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April 12, 2008
Hansbrough tops Beasley for Wooden Award
» MORE: Beasley named Rivals.com Player of the Year
LOS ANGELES - He already earned an armful, but Tyler Hansbrough took one last bit of brass Friday night.
The North Carolina junior won the John R. Wooden Award as college basketball's top player, giving him essentially a sweep of the season's individual honors, including The Associated Press college basketball player of the year award.
"It means a lot," said Hansbrough, who finished fifth in the voting for the award last year. "I was in just in such a great situation with coaches and teammates. I feel like I've improved so much."
He earned 4,653 points in the voting to beat out second-place Michael Beasley of Kansas State (4,402), who was followed by Kevin Love of UCLA (3,021), D.J. Augustin of Texas (2,266) and Stephen Curry of Davidson (1,936).
All the finalists were at the ceremony at the Los Angeles Sheraton except Love, who has returned to Oregon to be with his family and decide about his pro prospects.
Tennessee's Candace Parker, who led the Volunteers to their second-straight national championship on Tuesday, won the women's award for the second straight year.
More than 1,000 national media and college basketball experts cast votes based on players' regular and postseason performances, character and academic performance. Unlike most player of the year awards, votes could be cast as late as the NCAA Tournament's regional round.
Hansbrough led the Atlantic Coast Conference in scoring (22.8) and rebounding (10.3) as the Tar Heels (36-2) were ranked No. 1 for all but six weeks this season and went to the Final Four.
The NCAA title was the one trophy he was denied, which may influence his decision whether to forgo his senior season and enter the NBA draft. He has revealed very little about his plans for next season.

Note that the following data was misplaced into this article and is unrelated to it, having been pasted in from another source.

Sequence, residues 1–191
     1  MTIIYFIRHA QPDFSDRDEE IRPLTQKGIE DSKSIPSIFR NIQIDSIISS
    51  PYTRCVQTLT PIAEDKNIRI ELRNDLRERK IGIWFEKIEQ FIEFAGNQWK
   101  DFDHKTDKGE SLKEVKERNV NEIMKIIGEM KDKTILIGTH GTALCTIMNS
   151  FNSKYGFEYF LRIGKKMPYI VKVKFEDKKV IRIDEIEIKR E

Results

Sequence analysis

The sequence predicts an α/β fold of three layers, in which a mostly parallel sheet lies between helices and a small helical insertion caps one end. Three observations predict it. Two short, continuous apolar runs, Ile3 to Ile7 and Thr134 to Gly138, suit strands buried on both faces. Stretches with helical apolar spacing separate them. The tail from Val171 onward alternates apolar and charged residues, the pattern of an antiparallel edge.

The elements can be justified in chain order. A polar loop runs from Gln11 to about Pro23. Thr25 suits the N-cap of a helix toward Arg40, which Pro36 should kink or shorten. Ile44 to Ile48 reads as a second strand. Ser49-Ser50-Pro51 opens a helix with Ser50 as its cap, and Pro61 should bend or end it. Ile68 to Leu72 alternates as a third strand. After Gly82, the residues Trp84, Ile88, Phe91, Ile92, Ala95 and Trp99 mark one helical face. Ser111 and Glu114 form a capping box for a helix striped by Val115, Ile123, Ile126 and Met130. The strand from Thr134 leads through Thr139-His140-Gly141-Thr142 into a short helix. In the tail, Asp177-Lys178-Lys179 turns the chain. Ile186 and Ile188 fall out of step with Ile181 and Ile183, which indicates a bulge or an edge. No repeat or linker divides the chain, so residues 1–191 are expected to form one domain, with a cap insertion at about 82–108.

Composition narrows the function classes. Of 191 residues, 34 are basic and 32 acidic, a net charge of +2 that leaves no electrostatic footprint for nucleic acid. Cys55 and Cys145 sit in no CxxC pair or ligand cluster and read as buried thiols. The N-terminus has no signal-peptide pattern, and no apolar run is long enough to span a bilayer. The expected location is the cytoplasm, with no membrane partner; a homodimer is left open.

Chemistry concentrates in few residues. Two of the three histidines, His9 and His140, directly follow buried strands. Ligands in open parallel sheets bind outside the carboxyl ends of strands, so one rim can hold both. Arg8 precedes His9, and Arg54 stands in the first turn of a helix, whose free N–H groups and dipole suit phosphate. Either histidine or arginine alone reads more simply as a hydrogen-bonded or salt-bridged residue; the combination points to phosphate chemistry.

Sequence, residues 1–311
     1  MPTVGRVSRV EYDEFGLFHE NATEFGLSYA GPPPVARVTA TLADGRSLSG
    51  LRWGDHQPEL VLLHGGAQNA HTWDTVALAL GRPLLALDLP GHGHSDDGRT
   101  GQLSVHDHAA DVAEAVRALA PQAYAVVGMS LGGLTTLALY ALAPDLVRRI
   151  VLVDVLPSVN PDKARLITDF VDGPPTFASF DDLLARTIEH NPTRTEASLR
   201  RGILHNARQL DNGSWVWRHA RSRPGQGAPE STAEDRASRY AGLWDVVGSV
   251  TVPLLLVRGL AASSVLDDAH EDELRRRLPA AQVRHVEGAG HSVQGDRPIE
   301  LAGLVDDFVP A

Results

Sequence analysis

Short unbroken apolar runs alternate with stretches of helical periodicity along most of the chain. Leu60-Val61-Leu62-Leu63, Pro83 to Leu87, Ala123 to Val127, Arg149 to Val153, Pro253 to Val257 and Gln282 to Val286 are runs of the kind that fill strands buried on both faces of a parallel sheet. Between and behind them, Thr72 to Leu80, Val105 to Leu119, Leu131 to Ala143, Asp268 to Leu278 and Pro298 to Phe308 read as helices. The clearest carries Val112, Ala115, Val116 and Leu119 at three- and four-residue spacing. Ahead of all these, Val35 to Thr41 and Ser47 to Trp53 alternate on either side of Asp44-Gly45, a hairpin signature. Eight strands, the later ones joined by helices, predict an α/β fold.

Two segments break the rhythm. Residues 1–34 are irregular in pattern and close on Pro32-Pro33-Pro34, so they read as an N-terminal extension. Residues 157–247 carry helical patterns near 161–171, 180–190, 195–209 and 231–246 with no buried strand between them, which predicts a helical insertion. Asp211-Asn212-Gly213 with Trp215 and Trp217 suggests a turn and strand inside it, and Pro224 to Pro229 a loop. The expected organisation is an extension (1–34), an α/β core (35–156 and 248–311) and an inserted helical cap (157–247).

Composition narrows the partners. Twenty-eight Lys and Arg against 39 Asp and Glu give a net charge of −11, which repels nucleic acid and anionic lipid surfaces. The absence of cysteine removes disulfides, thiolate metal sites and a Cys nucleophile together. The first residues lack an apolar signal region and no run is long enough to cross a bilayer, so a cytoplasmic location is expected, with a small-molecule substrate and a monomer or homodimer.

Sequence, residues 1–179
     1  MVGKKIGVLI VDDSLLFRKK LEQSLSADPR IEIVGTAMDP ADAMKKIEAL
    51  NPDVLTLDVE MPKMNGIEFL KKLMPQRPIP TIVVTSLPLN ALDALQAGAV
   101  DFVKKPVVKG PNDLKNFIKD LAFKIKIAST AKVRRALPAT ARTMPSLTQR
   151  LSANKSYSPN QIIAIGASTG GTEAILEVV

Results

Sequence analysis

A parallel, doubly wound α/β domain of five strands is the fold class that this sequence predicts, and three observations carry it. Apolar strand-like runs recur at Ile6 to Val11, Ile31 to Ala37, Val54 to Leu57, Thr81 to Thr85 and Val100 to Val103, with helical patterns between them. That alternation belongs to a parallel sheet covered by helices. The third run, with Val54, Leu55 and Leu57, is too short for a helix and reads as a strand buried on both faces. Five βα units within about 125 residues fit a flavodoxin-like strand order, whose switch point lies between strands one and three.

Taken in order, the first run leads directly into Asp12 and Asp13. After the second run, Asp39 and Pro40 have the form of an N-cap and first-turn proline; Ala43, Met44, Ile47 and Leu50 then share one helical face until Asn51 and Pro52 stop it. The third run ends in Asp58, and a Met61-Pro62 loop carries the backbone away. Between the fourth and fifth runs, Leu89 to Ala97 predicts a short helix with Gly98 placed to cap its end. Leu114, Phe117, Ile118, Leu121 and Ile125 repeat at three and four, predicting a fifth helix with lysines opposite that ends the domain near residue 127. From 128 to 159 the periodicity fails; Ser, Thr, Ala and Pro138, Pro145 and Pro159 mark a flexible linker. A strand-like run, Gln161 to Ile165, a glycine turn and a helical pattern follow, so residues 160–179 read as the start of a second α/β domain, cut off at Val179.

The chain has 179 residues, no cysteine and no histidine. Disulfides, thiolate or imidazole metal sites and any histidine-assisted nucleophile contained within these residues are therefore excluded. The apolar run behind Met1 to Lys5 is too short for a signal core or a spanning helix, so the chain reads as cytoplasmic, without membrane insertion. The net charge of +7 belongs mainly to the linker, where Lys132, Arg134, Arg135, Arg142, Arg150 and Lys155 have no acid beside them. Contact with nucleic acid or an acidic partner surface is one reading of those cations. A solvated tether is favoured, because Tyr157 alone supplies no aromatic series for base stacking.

"I haven't decided," Hansbrough said. "I just haven't really had time. It's been so quick after the season. I haven't had time to get everything under control."
Hansbrough said he wasn't setting any hard deadlines, but said he plans to return to school and talk to Tar Heels coach Roy Williams.
"After a week or so we'll see what happens," he said.
It seemed everyone in the room was asking the "will-you-stay-or-will-you-go?" question of Hansbrough and the other finalists, though answers were unlikely.
Ceremony host Tommy Hawkins asked Hansbrough from the stage "Are you man enough?"
Hansbrough later said he didn't know whether the question meant he was man enough to stay in college or to go pro.
Hansbrough just stammered into the microphone "I have confidence."
"I was kind confused, so I was just agreeing with him," Hansbrough said afterwards. "I didn't want to look like an idiot."
Hansbrough joined Phil Ford (1978), Michael Jordan (1984) and Antawn Jamison (1998) as national players of the year from North Carolina.
Hansbrough more than assured he will have his jersey retired in Chapel Hill along with those three and James Worthy.
For a North Carolina men's player to have his jersey retired, he must win at least one of six national player of the year awards: The Associated Press, the U.S. Basketball Writers Association, the National Association of Basketball Coaches, Sporting News, the Naismith Award and the Wooden Award.
Hansbrough has won all six.
"It would be nice to win them all over again next year, but still I have to improve a lot and make some decisions," Hansbrough said.
Parker's win capped off a huge week for the 6-foot-4 junior.
She was already in Los Angeles where she was introduced Friday by the L.A. Sparks, who made her the No. 1 pick in Wednesday's WNBA draft.
Parker's coach Pat Summit, whose title on Tuesday was her eighth, won the Legends of Coaching Award.
The awards are named for the former UCLA coach who guided the Bruins to 10 NCAA championships in a 12-year span before retiring in 1975.
For the third time since the inception of the award, Wooden didn't attend the ceremony. The Wooden family announced in August 2005 that he would no longer participate because of a trademark dispute concerning the use of his name.
The 97-year-old coach was recently hospitalized after breaking his left wrist and collarbone in a fall at home on Feb. 29.